The Ceiling is Up and the Floor is Down
by Gene Franks
A Rare Pure Water Occasional Book Review
As a foreign language student in college, long, long ago, I was impressed by the really important information you could get from foreign language textbooks. There were practice sentences that provided useful information like “The Rodriguez family is Mexican. They live in a Mexican house.” My all-time favorite was, “The ceiling is up and the floor is down.” That’s a bit of wisdom I have taken through life and have been able to apply to every building I ever entered.
Now that I mainly study water filtration equipment, there are two books, both written in English, that help me a lot. I use each of them almost every day. They are the Entingh Corporation’s Engineering Handbook and Alamo Water’s Water Improvement Engineering Guide.
The last mentioned was published by Alamo Water Refiners of San Antonio (the copyright date of my copy is 1991, but I have a feeling it goes back further). Alamo Water is now part of Watts Water Quality and Conditioning Products, but the AlamoEngineering Guide lives on. It is a 47-page fine print treasury of very useful information.
Here are some universal truths from the Alamo guide, so helpful they’re worthy of inclusion in foreign language textbooks:
If you want to avoid water hammer (and who doesn’t?), the size of your pressure tank should be limited to the
maximum GPM (gallons per minute) divided by 60 seconds times 2 seconds times 10.
If you want to install electrical equipment in a manhole, quarry or mine, submerged in water, you must conform to Nema 6 Electrical Enclosure Standards.
To use Birm to remove iron from water, the water’s Dissolved Oxygen (DO) content must be equal to at least 15% of the iron (or iron and manganese) content.
The Sphericity of Anthracite is 0.61 in loose pack format and 0.60 in tight pack.
When sizing a treatment system for a motel with 50 units, you should allow for 145 gallon per minute flow during peak demand if your toilets have flush valves. With flush tank toilets, 75 gallons per minute is enough.
For bowling alleys, you should plan for 175 gallons daily usage per lane.
If sizing a water system for an oil refinery, allow 80,000 gallons of water per day per 100 barrels of crude processed.
For taverns, plan on 20 gallons per day per seat.
A 2″ pipe will support a normal water flow of 65 gallons per minute but you can push up to 120 gallons per minute through it if you have to.
Barber shops need 55 gallons of water per day per chair.
Water boils at 212 degrees F. at 0 PSI pressure, but at 52 PSI it boils at 300 degrees F.
In dealing with boilers, you can convert pounds of steam per hour to horsepower by dividing it by 34.5.
Moderately hard water is defined as water with 3.5 to 7.0 grains per gallon hardness.
A 10″ X 54″ mineral tank (a common size) holds 1.5 cubic feet of filter medium or softener resin. It has a square foot media surface of 0.54 square feet, holds 0.45 cubic feet per inch of height, is 50″ tall to the sideshell, has a media bed depth of 34″ and a freeboard (empty space on top) of 16″. It supports a softener flow rate of 5.0 gallons per minute and a filter flow rate of 2.7. As a softener tank, it has as 45,000 grain capacity if salted at 22 lbs. per regeneration and 30,000 grains if salted at 9.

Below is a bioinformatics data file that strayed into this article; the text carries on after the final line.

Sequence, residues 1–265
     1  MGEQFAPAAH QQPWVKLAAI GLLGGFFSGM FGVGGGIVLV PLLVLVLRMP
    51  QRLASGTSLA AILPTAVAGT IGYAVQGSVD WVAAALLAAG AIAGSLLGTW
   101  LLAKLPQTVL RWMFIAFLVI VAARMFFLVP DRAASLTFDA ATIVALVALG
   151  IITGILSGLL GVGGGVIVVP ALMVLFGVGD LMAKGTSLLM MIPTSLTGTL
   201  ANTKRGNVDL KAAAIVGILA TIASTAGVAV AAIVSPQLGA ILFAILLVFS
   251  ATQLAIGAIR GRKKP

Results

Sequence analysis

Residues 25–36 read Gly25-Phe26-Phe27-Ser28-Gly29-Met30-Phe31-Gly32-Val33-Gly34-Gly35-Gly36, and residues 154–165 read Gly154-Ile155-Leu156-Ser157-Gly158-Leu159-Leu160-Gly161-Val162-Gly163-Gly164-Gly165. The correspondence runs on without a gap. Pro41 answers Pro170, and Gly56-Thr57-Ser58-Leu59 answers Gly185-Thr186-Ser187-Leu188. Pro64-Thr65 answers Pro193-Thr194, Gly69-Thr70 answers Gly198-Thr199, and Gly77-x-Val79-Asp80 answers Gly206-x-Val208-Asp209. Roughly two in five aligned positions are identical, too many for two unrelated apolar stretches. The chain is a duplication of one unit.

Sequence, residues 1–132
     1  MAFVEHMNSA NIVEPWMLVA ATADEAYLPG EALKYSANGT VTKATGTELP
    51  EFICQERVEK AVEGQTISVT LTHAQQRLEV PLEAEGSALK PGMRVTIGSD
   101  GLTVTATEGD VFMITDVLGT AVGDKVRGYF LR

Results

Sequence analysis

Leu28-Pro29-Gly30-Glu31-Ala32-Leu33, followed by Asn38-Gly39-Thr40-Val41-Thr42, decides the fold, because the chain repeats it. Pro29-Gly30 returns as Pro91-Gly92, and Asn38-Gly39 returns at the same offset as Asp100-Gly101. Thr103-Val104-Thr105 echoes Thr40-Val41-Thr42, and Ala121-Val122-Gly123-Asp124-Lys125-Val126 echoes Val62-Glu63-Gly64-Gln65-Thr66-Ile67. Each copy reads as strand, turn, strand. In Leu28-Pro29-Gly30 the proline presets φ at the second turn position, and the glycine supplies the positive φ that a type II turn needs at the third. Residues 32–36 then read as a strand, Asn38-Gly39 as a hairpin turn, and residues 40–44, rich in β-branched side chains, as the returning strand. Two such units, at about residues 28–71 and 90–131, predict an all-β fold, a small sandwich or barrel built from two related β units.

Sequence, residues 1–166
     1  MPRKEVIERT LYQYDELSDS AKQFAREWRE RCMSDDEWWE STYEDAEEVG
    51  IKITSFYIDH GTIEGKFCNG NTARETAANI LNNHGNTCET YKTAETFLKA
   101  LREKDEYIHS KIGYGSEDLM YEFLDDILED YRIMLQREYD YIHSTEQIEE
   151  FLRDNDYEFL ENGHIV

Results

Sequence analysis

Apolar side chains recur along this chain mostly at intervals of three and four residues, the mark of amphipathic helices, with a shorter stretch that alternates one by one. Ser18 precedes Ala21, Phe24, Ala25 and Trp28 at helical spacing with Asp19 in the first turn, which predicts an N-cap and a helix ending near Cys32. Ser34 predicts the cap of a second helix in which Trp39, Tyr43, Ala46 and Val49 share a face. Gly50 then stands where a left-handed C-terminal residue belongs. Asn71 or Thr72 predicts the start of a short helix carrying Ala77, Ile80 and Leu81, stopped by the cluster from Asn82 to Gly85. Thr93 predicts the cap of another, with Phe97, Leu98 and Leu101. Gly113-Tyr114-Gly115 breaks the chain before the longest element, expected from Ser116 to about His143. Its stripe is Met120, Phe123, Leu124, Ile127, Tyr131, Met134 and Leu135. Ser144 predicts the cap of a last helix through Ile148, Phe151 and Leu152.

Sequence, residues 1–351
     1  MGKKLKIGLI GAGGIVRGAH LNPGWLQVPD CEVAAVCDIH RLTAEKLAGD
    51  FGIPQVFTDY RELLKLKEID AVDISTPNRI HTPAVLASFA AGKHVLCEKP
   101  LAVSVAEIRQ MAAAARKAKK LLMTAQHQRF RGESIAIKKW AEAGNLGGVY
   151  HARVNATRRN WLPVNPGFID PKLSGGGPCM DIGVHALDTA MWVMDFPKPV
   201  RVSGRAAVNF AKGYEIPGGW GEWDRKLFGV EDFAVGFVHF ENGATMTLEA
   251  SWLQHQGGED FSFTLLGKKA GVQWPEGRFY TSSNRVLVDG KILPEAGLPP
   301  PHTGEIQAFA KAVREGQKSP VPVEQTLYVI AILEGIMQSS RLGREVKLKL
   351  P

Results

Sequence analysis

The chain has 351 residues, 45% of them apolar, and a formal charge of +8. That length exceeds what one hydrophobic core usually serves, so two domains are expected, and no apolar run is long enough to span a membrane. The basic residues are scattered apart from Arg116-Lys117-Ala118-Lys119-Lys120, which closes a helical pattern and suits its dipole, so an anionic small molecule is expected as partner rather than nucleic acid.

A 30″ X 72″ mineral tank requires a gravel underbed of 200 lbs. of 1/4″ X 1/8″ gravel to support carbon filter media.
A circular brine tank, 20″ in diameter, holds 1.33 gallons of brine per inch of height.
The maximum operating temperature for Filter Ag is 140 degrees F.
Filox is effective between pH 5.0 and 9.0.
Weak acid cation resin is best at reducing alkalinity.
Vaseline or common grease should not be used on softener control valves.
The diameter of a human hair is about 75 microns.
The smallest bacteria measure about 0.2 microns.
It is advisable to feed a dealkalizer with softened water.
A cylindrical tank 3′ 2″ in diameter holds 58.92 gallons of water per foot of depth.
Manways on top of steel tanks can be either elliptical, flanged, davited, or hinged.
One of the popular manway styles is called a thief hatch.
Ductile iron has the strength properties of steel using casting techniques similar those of gray iron.
EPDM is made from ethylene-propylene diene monomer. It has exceptionally good weather aging and ozone resistance and is fairly good with ketones and alcohols.
A check valve installed near a pump in the discharge line will keep the line full and help prevent excessive water hammer during pump startup.
PVC has an excellent chemical resistance when used with fatty acids, but poly tubing is not recommended.
One gallon of muratic acid is equal in treatment capacity to 3.2 lbs. of hydrochloric acid.
One pound of polyphosphate typically treats 40,000 gallons of water at a 2 ppm concentration, but it is a good idea to slug the system initially at 10 ppm for 30 days to clean out the lines at a faster rate.
It takes 2 to 3 ppm chlorine with 30 minutes residence time to oxidize one ppm H2S.
One oz of calcium hypochlorite equals two level tablespoons.
To calculate the percentage rejection rate of a reverse osmosis unit subtract the product TDS from from the feedwater TDS, multiply by 100, then divide by the feedwater TDS.
SDI stands for Silt Density Index and it is a measurement of suspended solids in RO feedwater.
Watts divided by amps equals volts.
A gallon of water weighs 8.337 pounds.
To figure the gallon capacity of a reservoir, multiply the length by the width by the depth in feet. This gives the cubic foot total. To convert to gallons, multiply the cubic feet by 7.4805.
I could go on and on and on and on. The Alamo Water Improvement Engineering Guide has a million of them.
Editor’s Note: This article first appeared in the Pure Water Occasional for May 2010. –Hardly Waite.